From Policy to Practice: An International Comparison of Approaches to Systemic Quality and Safety
This research, which is funded by the Health Research Board, will undertake an international comparison of the national systems and policy for patient safety, in Scotland and Ireland. In addition the research will consider the route from policy to practice in both contexts. This project will utilize a systems focus rather than concentrating on individual errors in an effort to gain a more thorough and fundamental understanding of the overarching processes involved in patient safety and quality care. It will also illuminate the common challenges and facilitators of quality and safety at system and organisational levels, as well as those unique to each context. It aims to promote cross-learning about the merits and disadvantages of particular policy approaches and supports. Integrating a system and organisational level focus will highlight where support is needed to ensure that policies are effective on-the-ground.
To begin, the study will benchmark the Irish system of quality and safety against the Scottish, and explore the enablers and barriers to implementing national safety. Various system and organisational level supports will be explored to determine their effectiveness in ensuring policy implementation. In addition, several factors that have been shown to influence quality and safety will also be assessed. These include: employee-involvement, quality of working relationships, inter-professional coordination, the extent to which staff feel comfortable reporting errors and near misses (psychological safety), team work and communication. The aim of these assessments is to identify key system and organisational enablers and barriers to achieving quality and safety.
Overall, the project aims to evaluate how system and organisational structures and processes affect quality and safety with the ultimate aim of informing how systemic quality and safety can be created and embedded.
Initially, a review and comparison of institutions, structures, policies, systems and approaches to health care quality and safety improvements adopted in each country will be conducted. Of particular interest will be who is involved in creating the policies; the governance/research plans; the timelines the policies are functioning under and, the monitoring and evaluation mechanisms in place. This primary stage will lay a foundation of understanding and comparison which will inform the subsequent steps of this study.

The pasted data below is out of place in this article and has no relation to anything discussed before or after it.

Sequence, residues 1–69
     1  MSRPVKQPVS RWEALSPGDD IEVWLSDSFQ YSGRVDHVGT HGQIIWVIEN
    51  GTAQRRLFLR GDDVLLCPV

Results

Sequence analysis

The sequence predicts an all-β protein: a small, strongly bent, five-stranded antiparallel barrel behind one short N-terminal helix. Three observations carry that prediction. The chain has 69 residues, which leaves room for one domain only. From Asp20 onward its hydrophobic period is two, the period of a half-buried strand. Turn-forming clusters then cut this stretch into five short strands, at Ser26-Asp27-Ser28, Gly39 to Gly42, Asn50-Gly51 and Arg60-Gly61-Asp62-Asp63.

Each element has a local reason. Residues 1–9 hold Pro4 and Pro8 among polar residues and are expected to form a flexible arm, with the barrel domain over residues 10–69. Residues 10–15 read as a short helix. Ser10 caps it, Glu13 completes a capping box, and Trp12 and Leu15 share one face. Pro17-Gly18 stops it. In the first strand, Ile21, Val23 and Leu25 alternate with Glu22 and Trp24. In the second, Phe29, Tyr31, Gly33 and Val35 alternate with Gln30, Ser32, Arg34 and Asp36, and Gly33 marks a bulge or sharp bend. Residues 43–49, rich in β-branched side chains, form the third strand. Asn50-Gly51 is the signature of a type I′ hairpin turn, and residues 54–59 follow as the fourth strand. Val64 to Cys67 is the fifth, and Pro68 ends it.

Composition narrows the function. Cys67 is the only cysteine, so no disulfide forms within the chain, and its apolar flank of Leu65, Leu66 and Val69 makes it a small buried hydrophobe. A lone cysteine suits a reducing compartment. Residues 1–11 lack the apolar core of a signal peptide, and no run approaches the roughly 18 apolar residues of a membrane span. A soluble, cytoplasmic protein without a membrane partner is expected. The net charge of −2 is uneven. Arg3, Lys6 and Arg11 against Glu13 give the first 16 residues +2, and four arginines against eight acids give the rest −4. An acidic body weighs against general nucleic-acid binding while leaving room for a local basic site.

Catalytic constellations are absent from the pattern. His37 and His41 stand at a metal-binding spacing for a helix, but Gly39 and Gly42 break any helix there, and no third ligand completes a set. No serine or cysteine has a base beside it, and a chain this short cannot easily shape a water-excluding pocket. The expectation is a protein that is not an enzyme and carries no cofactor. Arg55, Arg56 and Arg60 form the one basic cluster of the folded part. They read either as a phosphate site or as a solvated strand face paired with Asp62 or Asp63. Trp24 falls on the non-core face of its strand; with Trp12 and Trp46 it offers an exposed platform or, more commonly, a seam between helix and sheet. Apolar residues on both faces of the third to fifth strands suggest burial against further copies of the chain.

Second, national case studies of the systems factors facilitating or hindering policy implementation and impact in each country will be explored through interviews with key policy makers and implementers in each country.
Third, two matched organisational case studies will be conducted in each country. These will be based on interviews with senior management, clinical directors, clinical governance mangers, consultants, nurses, managers, allied health professionals, and others involved in implementing quality and safety initiatives. The interviews will be used to identify the organizational factors facilitating or hindering policy enactment in each context (e.g. employee involvement, quality of working relationships, inter-professional coordination, psychological safety, team work, and communication). These case studies will be focused in one area of clinical care that is yet to be determined.
Fourth, a quantitative assessment of the system and organisational initiatives which support employee involvement, psychological safety, relational coordination, team work, and communication will be carried out. This will identify how these factors influence policy implementation.
Last, a future programme of research for comparative research between Scotland and Ireland in the domain of safety and quality improvement will be identified.
Prof. Patrick Flood and Dr. Lauren Hamel – Dublin City University
Prof. Lorna McKee – University of Aberdeen
Dr. Aoife McDermott – Cardiff University